November 21st, 2017

Dubaiite frustrated!23

Me and my big mouth. For decades, the people of this oil rich country have enjoyed low fuel prices, and the six and eight cylinder auto-mammoths that become but a logical option due to those prices. Then I had to go and spoil it for everyone. I had to declare fuel was cheap here, and someone was listening. Now the government has rectified that anomaly in the general scheme of things. The petrol just got dearer by 30% yesterday.

This can have grave implications in a country, where retailers and their suppliers increased the prices of goods across the board when the Government had announced a 15% increase in the salaries of public servants, so the poor sods could come to terms with rising cost of living; and not just any retailers, it was the Co-Operatives which are supposed to cater to the consumers’ shrinking wallets. What was even more amusing was the fact that this hike was effected right after the announcement of the salary-increase, not after the actual salary increase. Finally, the Government had to step in, and give the greedy rascals a rap on their knuckles. Cost-push inflation is but an economic phenomenon, it will be interesting to see how the retailers respond to this new development. It is generally, and rather less sarcastically than it should be, assumed that the landlords and real estate agents will find an excuse in this fuel-price hike to hike up the rents for the umpteenth time.

The only thing cheap in this country now is labor, which ironically is the one commodity that should not be cheap anyway, and especially not so in Dubai which is ranked higher than Washington D.C and Toronto on the list of the most-expensive, and hence the least desirable to live in, cities of the world. Increasingly, it is becoming a less desirable place to live in for the middle class. It costs an average of USD 1800 per month to rent out a two bedroom apartment in Dubai, which is (un)reasonably higher than the average cost of renting an apartment in more developed and high profile cities like Washington D.C and Toronto*. There are some who take this to be a sign of things to come, and a mark of how prestigious a city Dubai has become. Anyone who thinks Dubai is more prestigious and developed than the capital of the reigning super power is obviously living in a fool’s paradise. The only thing this twisted equation points to is flawed planning, and greedier real estate agents. The yardstick for the prestige and development of a city should be the satisfaction levels of its inhabitants, their lifestyles, and a growing middle class segment.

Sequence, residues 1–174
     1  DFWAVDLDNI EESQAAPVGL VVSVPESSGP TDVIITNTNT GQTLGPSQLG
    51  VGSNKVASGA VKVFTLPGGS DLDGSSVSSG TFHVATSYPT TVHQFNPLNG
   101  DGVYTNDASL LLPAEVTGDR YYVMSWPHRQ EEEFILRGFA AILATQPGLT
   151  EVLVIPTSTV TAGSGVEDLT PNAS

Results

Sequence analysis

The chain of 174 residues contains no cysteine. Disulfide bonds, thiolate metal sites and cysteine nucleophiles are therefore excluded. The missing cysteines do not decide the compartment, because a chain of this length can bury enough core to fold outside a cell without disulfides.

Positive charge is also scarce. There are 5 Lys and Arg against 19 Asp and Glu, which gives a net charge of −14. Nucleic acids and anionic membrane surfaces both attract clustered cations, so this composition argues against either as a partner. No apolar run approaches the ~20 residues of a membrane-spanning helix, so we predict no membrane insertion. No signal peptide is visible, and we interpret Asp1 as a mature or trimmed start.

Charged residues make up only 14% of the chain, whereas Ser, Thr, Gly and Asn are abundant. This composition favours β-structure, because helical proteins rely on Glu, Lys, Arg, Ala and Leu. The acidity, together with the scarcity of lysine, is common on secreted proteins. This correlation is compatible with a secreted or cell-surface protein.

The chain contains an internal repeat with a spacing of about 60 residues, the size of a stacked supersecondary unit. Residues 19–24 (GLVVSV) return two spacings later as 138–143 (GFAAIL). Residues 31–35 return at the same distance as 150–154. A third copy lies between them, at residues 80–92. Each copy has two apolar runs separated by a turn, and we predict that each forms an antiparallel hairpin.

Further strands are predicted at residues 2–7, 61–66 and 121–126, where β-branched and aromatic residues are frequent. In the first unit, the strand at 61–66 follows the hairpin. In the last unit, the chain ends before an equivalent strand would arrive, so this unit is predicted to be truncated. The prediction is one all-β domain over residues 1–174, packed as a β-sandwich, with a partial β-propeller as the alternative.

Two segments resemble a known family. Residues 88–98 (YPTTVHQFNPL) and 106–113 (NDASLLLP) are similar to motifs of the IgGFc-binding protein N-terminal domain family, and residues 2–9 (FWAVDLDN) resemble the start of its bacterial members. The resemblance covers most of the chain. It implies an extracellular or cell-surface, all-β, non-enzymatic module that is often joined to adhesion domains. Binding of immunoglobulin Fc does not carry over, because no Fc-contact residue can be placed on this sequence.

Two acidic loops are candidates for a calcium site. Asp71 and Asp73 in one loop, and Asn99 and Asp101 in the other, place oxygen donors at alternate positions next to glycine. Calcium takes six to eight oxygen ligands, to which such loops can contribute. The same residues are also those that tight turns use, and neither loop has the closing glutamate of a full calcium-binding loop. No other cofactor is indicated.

Just the other day, I was visiting a friend who lives on the 27th floor of a high rise tower in the upmarket Dubai Marina ‘enclave’. I stepped out into their balcony, and was mesmerized by the construction work underway at the site of one of the world famous Palm Projects. For those who have been blissfully spared the media frenzy surrounding these projects, the Palm Projects, and there were three of those until the last count, are huge palm shaped residential schemes for the welathiest of the world. The distinguishing thing about these palm shaped schemes is that the “palm” will be completely reclaimed land, protuding out into the sea. The “palms” will be visible from Neptune and Pluto, and aliens from other galaxies will also be able to see them on clear days. A fraction of the amount spent on these projects, if funnelled into constructing residential areas on the sprawling deserts of the country could have easily curbed the menace of rising rents. Ironically, one gets to see that sprawling desert in the other direction from the same point.